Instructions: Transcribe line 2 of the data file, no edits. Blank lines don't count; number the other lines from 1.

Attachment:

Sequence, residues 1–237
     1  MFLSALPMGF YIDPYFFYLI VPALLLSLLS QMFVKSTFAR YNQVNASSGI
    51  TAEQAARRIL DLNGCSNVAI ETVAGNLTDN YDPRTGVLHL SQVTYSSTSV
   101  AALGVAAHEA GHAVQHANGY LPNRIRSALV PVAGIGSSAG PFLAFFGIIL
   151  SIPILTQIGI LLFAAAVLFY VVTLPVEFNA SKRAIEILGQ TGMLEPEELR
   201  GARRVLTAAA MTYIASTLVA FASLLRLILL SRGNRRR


     1  MFLSALPMGF YIDPYFFYLI VPALLLSLLS QMFVKSTFAR YNQVNASSGI